United by the Ocean? The Romantic Conan Doyle and the Transatlantic Sherlock Holmes


Jacek Mydla

Department of Literary and Cultural Theory, Institute of English Cultures and Literatures, University of Silesia

Biographers  describe  Sir  Arthur  Conan  Doyle  as  a  ‘Briton enchanted by America’. His letter ‘England and America’ has been  called  a  ‘plea  for  Britons  to  understand  the  American  point  of  view’.  ACD  entertained  utopian  (which  is  not to  say, silly) ideas about the English-speaking part of the world, which made him make efforts to overcome mutual prejudices and to bring the English and the American nations together in terms of friendship. This despite the fact that he had reasons to feel sore due to literary piracies committed against him by American publishers. ACD’s  fascination  with  merica—which  was  for  him, in his own words, a land ‘full of romance’ shows in his greatest and enduring literary achievement: the Sherlock Holmes stories. Already the first of them, ‘A Study in Scarlet’, which in 1887 gave literary life to the now world-famous consulting detective, is set for a significant part of the plot in the U.S. But  ‘transatlantic’  motifs  occur  also  in  other  stories,  most famously in ‘The Five Orange Pips’ (1891), ‘The Yellow Face’ (1893), and ‘The Dancing Men’ (1903). Besides this, a number of other stories contain the motifs and tropes of sea/ocean/voyaging as leading ones, e.g. The story with a ‘whaling’ motif: ‘The Black Peter’.For  ACD  America  was  a  land  on  which  he  projected, as the ‘American’ and ‘voyaging’ stories make evident, his major political and ideological concerns, such as those with justice and equality. In the paper, special attention is paid to the way in which in some of the stories the ocean (also: a sea and a river) features as something like a protagonist, even as one who administers justice and settles other types of account.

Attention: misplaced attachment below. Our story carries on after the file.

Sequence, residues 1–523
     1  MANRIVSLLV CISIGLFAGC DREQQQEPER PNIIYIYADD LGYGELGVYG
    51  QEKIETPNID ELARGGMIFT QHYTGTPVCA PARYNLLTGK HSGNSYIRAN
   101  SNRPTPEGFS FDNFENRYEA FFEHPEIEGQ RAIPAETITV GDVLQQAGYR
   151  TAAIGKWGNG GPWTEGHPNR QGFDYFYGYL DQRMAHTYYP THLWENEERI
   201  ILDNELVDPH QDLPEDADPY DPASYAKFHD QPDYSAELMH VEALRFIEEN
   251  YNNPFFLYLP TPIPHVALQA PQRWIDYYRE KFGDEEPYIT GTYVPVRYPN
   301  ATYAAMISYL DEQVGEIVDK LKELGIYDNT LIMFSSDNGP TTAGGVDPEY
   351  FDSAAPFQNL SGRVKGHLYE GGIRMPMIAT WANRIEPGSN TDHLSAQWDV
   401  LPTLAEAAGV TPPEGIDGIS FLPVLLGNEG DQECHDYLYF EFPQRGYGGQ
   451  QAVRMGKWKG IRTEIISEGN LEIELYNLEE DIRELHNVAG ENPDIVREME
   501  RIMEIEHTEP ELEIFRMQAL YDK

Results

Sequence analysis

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Published : 2014-05-15

MydlaJ. (2014). United by the Ocean? The Romantic Conan Doyle and the Transatlantic Sherlock Holmes. Review of International American Studies, 7(1). Retrieved from https://www.journals.us.edu.pl/index.php/RIAS/article/view/4054

Jacek Mydla  jacek.mydla@us.edu.pl
Department of Literary and Cultural Theory, Institute of English Cultures and Literatures, University of Silesia  Poland
Jacek  Mydla  is  Associate  Professor  at  the  Institute  of  English  Cultures and Literatures (University of Silesia, Katowice and Sosnowiec, Poland). Currently, he is Director of the Institute. He conducts research and lectures in the history of British literature, specifically British drama (Shakespeare through  romanticism),  Gothic  fiction  and  drama,  and  theory  of  narrative. His book-length publications are: the Dramatic Potential of Time in Shakespeareand Spectres of Shakespeare, a study of appropriations of Shakespeare’s drama by early English Gothic authors and playwrights. Also, recently he has published a collection of essays on the dynamics of human time in Shakespeare. In his recent articles, in Polish and English, Mydla has been concerned with romantic drama (e.g. Scottish playwright Joanna Baillie), aspects of British empiricism in the eighteenth century, and the supernatural in fiction.

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